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World Nature Conservation Day 2020

From the air we breathe to the food we eat to the earth beneath us, nature surrounds us and is essential to our lives. That’s why on July 28, 2020, we’re celebrating World Nature Conservation Day, an occasion for both cherishing and raising awareness of the precious natural resources our planet possesses. To secure a future for humanity, we must work to protect and preserve the parts of our environment we so often take for granted.

Why is World Nature Conservation Day so important?

While the exact origin of World Nature Conservation Day is unknown, its message is clear: respect and conserve our natural resources because without them, we’d be pretty stuck. These natural resources include air, water, minerals, animals, trees and other plants. We depend on them for nutrition, hydration, space, shelter and, more generally, an environment in which we can thrive.

Unfortunately, our fast-paced lifestyles and demand for consumables mean nature is at risk. We’re dirtying the air we breathe with polluting gases like carbon dioxide, we’re filling waterways and oceans with harmful chemicals and plastics, we’re exploiting animals through the illegal wildlife trade and we’re cutting down precious forests to make way for agriculture, palm oil plantations and expanding infrastructure. That’s why World Nature Conservation Day – a moment to stop and think about our impacts on the planet and what we can do to mitigate them – is so important. We need to act more sustainably, pollute less, recycle more and, of course, preserve and plant forests around the globe. As the Native American saying goes: “When the last tree is cut, the last river poisoned and the last fish dead, we will discover that we can’t eat money.” 

Conserving Kenya’s natural resources

While this year’s World Nature Conservation Day will be celebrated a little differently as a result of lockdown measures around the world, its sentiment remains at the heart of what The Word Forest Organisation is working to achieve. We conduct most of our work in Kenya, a country rich in natural resources that are at risk. Kenya’s unique environments, such as its forests, wetlands and marine ecosystems, are being depleted and destroyed in an unsustainable way, threatening the livelihoods and long-term food security of the many people who depend on them. Effective management and protection of Kenya’s natural resources are key, especially as the country’s climate and dependence on agriculture make it particularly susceptible to the effects of climate change, such as changes in rainfall patterns and drought.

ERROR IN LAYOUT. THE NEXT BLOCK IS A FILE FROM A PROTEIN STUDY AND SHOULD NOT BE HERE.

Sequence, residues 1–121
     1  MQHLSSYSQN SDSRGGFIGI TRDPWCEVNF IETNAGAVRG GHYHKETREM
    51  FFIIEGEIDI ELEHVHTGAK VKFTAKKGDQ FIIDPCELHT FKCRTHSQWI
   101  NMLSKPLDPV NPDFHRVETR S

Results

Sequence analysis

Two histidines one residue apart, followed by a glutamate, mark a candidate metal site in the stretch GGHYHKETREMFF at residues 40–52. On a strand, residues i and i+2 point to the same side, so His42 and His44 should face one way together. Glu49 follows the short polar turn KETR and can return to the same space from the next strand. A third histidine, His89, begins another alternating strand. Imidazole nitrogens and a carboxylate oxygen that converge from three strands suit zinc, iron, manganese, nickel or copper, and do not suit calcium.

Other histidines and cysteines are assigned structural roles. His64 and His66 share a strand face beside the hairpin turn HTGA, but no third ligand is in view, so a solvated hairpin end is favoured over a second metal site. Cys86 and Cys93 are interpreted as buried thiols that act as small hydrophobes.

Tree planting in Kenya
Environmental journalist Cyprian Ogoti, planting a tree in Boré, Kenya.

Trees are a crucial natural resource; they give us oxygen, lock away climate-change-causing carbon, provide food and refuge for people and wildlife, reduce flooding, boost soil quality and even improve our mental health. That’s why we’re planting trees in Kenya: to maintain a healthy environment and help communities on the frontline of the climate crisis. To learn more about our tree-planting work in Kenya, watch our film #TreesAreTheKey or take a virtual trip to the Kenyan forests

What can you do to help conserve our planet’s resources?  

1. Plant a tree

You might not be able to plant a whole forest in your backyard, but planting a tree or two will have a beneficial impact on the environment, no matter how small. You could even volunteer your time and get involved in a local tree planting initiative. 

2. Reduce. Reuse. Recycle.

Cut down on your waste; buy items with recyclable packaging (or even better, no packaging!) and only buy the things you really need. Make sure you recycle unwanted items like clothes and household items by donating them to a charity shop or dropping them off at your local recycling centre.

3. Shop sustainably 

Our natural resources will disappear if they’re not harvested in a sustainable way. Next time you buy seafood, check the label and make sure it has been sustainably fished. Try to buy clothes from sustainable fashion brands.  

4. Conserve energy and water

Try to preserve as much water as you can; don’t leave taps running and don’t use water unnecessarily. You can also preserve energy by switching to energy-efficient light bulbs and making sure you turn off lights and electrical devices when you’re not using them. 

5. Travel consciously 

Help to reduce emissions and protect our air by travelling on foot or by bicycle as much as you can. If you’re travelling long-distance, you can also help out by swapping your car for public transport. 

6. Support charities like The Word Forest Organisation

Volunteer with or donate to an initiative or organisation working to conserve our planet’s natural resources, whether that’s a clean-up operation at your local beach or a tree-planting project further afield. 

7. Spread the word!

One of the best things you can do to help the planet is to carry out some research and become better informed about the importance of our world’s natural resources, the threats they face and what we can all do to help. Talk to your friends and family about nature conservation so that they can get involved in protecting our natural resources too!

Rachel Baxter & The Team

Feature picture courtesy Bjorn Christian Torrissen/Wikimedia Commons